I wrote a small demo for Champlain that shows how to query Flickr and to display thumbnails of geotagged pictures that are publicly available. I already had a demo script that downloads an image from an URL. So writing this new demo wasn't too difficult, yet buliding the basis for it (the HTTP download part) was tedious.
The basis of the HTTP protocol are quite simple. So simple in fact that a simple GET command can be easily issued by hand through telnet. But today we no longer communicate with HTTP 0.9 and the protocol has been greatly enhanced with proxy support, SSL, keep-alive, pipelining, web services (XML-RPC and SOAP) and so on. Writing an HTTP client from scratch is pure madness, specially when LWP does everything so easily.
So what's the problem if we already have a great HTTP client library in CPAN? The problem is that in a GUI all I/O has to be made asynchronously. For a GUI this is crucial, if I/O is NOT performed asynchronously then the GUI will simply freeze while it's waiting for the I/O to resume and stops responding to user input. As far as I know there's no easy way for performing asynchronous HTTP (or HTTPS) requests that integrate well with Glib's main loop, at least in Perl 5.
I though of using POE for this but it requires a whole rewrite of the application. With POE, the logic has to be written using the POE framework and the GUI is added latter as a different component. This makes the application no longer look like a Gtk2 application but more like a POE component that happens to have a GUI.
At the end I implemented a minimalist version of Libsoup in Perl 5 thanks to Net::HTTP::NB. My implementation is far from ideal but it works well enough for the purpose of the demo.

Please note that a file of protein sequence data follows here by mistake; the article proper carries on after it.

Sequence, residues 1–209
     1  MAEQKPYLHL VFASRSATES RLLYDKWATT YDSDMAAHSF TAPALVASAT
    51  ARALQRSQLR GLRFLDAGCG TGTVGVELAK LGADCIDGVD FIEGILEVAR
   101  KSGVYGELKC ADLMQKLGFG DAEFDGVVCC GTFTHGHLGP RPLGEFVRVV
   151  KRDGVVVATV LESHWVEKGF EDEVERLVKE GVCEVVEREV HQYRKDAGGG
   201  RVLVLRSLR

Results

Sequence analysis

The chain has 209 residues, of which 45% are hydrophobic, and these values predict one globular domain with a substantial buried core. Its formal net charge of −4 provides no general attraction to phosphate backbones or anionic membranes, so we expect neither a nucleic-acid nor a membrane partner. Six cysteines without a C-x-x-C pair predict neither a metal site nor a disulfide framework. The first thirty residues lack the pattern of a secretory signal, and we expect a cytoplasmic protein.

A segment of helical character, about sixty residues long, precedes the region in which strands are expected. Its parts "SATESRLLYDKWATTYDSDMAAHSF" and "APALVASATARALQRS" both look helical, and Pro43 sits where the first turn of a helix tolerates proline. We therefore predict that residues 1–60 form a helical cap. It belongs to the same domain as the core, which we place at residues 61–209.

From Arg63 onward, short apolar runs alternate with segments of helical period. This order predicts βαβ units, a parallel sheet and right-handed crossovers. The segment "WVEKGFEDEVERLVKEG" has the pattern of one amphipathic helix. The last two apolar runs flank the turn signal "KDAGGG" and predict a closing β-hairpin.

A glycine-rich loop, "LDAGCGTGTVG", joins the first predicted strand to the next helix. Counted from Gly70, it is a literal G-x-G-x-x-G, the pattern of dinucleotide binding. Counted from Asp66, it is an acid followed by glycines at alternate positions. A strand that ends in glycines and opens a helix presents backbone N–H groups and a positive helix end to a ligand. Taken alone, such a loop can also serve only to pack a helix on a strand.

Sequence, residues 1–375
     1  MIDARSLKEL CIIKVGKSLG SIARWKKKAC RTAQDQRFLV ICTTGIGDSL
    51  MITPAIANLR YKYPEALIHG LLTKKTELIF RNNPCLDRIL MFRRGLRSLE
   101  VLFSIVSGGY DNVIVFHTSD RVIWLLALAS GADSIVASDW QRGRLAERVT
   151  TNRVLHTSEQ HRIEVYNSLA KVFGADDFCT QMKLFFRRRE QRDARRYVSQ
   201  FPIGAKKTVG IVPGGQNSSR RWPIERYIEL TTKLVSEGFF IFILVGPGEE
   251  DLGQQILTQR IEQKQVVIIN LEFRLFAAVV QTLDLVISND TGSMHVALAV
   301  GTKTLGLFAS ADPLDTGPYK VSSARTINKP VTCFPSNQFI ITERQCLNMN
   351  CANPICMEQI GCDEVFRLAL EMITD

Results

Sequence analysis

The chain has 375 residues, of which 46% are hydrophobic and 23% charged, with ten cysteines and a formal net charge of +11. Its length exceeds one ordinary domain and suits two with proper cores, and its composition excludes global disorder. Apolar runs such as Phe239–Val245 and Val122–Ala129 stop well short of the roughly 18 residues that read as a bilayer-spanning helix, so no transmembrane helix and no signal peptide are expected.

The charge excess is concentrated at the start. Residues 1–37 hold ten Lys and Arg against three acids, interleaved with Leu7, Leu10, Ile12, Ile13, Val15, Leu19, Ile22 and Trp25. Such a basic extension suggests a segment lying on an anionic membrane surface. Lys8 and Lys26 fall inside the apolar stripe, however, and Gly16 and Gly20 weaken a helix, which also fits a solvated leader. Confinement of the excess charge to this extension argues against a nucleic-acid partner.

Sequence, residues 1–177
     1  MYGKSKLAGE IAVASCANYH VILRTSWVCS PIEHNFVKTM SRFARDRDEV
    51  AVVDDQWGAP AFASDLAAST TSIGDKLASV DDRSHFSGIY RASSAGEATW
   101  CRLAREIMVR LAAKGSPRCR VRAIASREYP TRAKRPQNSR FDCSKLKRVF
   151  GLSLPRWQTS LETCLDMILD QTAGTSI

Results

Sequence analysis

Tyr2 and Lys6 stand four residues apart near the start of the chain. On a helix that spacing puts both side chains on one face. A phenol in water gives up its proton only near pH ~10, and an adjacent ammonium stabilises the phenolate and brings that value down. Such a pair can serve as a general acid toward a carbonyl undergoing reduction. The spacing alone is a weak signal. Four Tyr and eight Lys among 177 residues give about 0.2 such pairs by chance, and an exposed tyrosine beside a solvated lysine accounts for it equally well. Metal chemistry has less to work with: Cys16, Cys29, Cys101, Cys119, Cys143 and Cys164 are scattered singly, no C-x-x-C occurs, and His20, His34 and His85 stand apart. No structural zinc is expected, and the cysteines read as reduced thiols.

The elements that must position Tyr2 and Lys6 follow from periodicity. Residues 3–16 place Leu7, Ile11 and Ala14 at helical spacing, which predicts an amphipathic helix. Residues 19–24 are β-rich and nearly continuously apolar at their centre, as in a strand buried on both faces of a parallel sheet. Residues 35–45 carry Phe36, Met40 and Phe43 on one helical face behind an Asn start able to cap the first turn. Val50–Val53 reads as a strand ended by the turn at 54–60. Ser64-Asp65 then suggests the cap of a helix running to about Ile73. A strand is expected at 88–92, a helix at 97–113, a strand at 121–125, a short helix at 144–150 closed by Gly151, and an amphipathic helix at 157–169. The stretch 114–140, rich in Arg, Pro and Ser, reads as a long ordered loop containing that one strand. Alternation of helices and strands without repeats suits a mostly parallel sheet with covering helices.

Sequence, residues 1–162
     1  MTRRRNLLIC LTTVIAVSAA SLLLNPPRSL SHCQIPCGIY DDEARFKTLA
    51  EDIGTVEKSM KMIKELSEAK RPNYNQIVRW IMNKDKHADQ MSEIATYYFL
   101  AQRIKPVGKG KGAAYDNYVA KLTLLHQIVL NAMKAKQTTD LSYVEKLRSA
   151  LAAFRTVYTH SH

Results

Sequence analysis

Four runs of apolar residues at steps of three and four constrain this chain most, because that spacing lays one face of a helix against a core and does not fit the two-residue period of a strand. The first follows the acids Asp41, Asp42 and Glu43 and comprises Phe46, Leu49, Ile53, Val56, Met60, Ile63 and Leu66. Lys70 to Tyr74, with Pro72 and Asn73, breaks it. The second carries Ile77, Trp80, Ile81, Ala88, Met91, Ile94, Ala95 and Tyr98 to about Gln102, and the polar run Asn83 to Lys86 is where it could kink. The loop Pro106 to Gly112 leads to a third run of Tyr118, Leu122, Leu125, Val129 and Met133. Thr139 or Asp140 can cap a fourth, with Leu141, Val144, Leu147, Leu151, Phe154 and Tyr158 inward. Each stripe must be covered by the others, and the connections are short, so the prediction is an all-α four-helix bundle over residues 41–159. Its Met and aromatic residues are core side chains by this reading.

Remember when I said that writing an HTTP client fro scratch was pure madness, well I speak from experience and keep in mind that most of my work is still using Net::HTTP::NB for everything that involves the protocol. First of all my asynchronous client is not even fully asynchronous! In my version, the HTTP request is written with blocking I/O and only the response is read asynchronously. I tried to implement some basic version of keep-alive, it works but it is probably not that optimal. My library doesn't even have proxy support and it doesn't even keep track of the different TCP connections that the clients do.
I'm really thinking of writing the bindings my self. Although libsoup's API is quite extensive as it provides an HTTP client/server library for GNOME and this makes the task more time consuming. If anyone else would be interested in having libsoup's binding let me know. If I see that there's a demand beside my own personal need for a demo I will start the project sooner than expected.